- Judi Villa, "Fire Dept. Mulls Motorcycle Medics," Arizona Republic, August 25, 2003.
- Garry Duffy, "I-10 Gridlock," Tucson Citizen, February 24, 2004
- American Lung Association, “State of the Air 2010.”
- Report Card for America's Infrastructure 2005," American Society of Civil Engineers.
- USDA Natural Resources Conservation Service, “Summary Report: 2007 National Resources Inventory.”
- Table DP-1-4, Profile of General Demographic Characteristics: 1990," 1990 Census, U.S. Census Bureau.
"Table DP-1-4, Profile of General Demographic Characteristics: 1990," 1990 Census, U.S. Census Bureau.
"Data Set: 2005 American Community Survey: Arizona 2005," American Factfinder, U.S. Census Bureau.
- Jon Kamman, "3.1 Million More People Likely in Arizona by 2020," Arizona Republic, January 8, 2002.
- Beck, Roy and Leon Kolankiewicz, "Weighing Sprawl Factors in Large U.S. Cities," NumbersUSA, March 2001.
- Report to the House of Representatives Committee on Appropriations on Impacts Caused by Undocumented Aliens Crossing Federal Lands in Southeast Arizona, a joint project by the Immigration & Naturalization Service, the Interior Department, and the Environmental Protection Agency, April 29, 2002.
- "Environmental Damage from Illegal Immigration, Border Enforcement Activities In American SouthWest,", California Political Desk, February 1, 2006.
- "A Summary of 2003 - 2005 Accomplishments," Southern Arizona Project to Mitigate Environmental Damages Resulting from Illegal Immigration. U.S. Department of the Interior, Bureau of Land Management. Report to the House of Representatives Committee on Appropriations on Impacts Caused by Undocumented Aliens Crossing Federal Lands in Southeast Arizona, a joint project by the Immigration & Naturalization Service, the Interior Department, and the Environmental Protection Agency, April 29, 2002.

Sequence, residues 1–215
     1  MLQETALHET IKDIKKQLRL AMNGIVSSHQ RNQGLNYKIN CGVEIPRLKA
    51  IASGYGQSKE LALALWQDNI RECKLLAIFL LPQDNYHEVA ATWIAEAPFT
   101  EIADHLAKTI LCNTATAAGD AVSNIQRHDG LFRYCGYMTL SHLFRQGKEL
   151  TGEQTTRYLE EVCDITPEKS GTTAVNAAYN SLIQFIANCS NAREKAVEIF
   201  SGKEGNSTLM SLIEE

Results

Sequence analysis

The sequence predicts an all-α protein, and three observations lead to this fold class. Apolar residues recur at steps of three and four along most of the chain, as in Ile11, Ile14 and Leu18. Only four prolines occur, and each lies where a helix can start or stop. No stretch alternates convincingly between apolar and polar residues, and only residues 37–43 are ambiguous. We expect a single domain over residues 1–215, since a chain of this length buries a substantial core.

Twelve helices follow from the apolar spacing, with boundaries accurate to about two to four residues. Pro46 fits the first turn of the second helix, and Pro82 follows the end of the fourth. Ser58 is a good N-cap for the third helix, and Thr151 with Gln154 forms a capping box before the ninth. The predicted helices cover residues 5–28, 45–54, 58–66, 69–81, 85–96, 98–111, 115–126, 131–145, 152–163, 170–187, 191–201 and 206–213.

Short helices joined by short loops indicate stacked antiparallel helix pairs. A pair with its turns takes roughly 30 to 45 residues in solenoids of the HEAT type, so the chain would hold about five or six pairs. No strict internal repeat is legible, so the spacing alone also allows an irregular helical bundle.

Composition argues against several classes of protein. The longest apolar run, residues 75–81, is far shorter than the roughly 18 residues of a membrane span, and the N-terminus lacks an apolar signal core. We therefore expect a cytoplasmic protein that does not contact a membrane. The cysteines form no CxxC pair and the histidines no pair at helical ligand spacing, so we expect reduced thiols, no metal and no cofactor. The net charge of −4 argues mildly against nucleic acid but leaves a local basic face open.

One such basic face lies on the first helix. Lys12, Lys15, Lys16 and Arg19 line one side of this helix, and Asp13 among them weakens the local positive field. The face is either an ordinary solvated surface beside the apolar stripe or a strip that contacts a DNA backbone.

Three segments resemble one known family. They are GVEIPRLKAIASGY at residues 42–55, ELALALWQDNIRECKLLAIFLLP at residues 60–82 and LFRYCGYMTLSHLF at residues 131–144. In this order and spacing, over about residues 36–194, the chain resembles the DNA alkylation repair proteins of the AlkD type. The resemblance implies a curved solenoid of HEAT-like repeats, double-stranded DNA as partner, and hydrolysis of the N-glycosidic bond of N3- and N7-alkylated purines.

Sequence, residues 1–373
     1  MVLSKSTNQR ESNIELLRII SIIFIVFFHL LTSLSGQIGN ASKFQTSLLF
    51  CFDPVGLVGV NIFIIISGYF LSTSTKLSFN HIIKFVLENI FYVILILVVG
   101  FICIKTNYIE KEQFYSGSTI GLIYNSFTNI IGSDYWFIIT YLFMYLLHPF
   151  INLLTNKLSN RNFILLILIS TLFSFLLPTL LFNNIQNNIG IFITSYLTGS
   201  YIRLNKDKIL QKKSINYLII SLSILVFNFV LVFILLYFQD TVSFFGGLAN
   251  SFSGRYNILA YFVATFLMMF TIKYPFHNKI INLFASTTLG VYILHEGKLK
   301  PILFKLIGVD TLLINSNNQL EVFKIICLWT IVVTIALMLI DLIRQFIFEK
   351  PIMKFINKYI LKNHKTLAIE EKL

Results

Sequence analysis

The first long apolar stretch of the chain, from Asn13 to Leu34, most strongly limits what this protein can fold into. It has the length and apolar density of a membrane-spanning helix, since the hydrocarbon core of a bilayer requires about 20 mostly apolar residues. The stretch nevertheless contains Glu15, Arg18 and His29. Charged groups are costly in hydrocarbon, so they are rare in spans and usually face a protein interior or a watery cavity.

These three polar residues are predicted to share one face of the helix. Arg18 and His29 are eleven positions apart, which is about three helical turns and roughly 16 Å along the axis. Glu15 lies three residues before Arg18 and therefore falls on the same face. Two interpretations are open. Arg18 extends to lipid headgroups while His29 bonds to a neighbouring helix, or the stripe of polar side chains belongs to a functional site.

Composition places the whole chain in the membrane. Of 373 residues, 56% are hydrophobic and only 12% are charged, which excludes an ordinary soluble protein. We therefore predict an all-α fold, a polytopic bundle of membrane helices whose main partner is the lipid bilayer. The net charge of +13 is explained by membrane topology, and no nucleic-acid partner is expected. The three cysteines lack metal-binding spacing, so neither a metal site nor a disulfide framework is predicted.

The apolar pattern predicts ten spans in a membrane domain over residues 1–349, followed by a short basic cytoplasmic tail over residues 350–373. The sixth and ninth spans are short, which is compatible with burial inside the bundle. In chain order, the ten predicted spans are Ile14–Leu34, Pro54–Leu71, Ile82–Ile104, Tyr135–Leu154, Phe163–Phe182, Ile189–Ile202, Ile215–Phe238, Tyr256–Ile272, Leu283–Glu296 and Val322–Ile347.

- Mary Jo Pitzl, "Increased Illegal Crossings Strain Organ Pipe to Limit," Arizona Republic, January 14, 2004.
- American Community Survey, Three-Year Estimates 2006-2008. Data retrieved using ACS Custom Table tool.
- Kids Count Data Center, which used 2008 American Community Survey Data.
- Dennis Welch, "Bulging prison bill going up," East Valley/Scottsdale Tribune, February 7, 2007.
"Arizona's Prison Population Projected to Grow Twice as fast as General Resident Population, Independent Study Finds; State Selected as One of Five Justice Reinvestment Learning Sites," Justice Center of the Council of State Governments, February 6, 2007.
- "Will Rising Prison Costs Spark Reform?" Tucson Weekly, March 22, 2007.
- Migration Information Source State Data (Migration Policy Institute)
- Urban Institute, Children of Immigrants Data Tool.
- "Arizona State Factsheet," Migration Information Source, Migration Policy Institute.
- NEA, “Rankings and Estimates,” 1999 and 2009 editions.
- "Districts Ease School Overcrowding with Abandoned Commercial Buildings," Associated Press, August 2, 2000.
- Haya El Nasser, "Schools Forced to Roam in Search of More Room," USA Today, August 18, 2000.
- Stephanie Paterik, "Old West Takes Off-Ramp," Arizona Republic, December 2003.
- "Public Elementary and Secondary School Student Enrollment, High School Completions, and Staff From the Common Core of Data: School Year 2005-06', National Center foe Education Statistics, U.S. Department of Education, June 2007
- "Arizona Lawmakers Get Earful on Border Issues," Associated Press, October 31, 2001.
- "Social, Financial Costs of Illegal Entry Said High," Associated Press, May 18, 2001.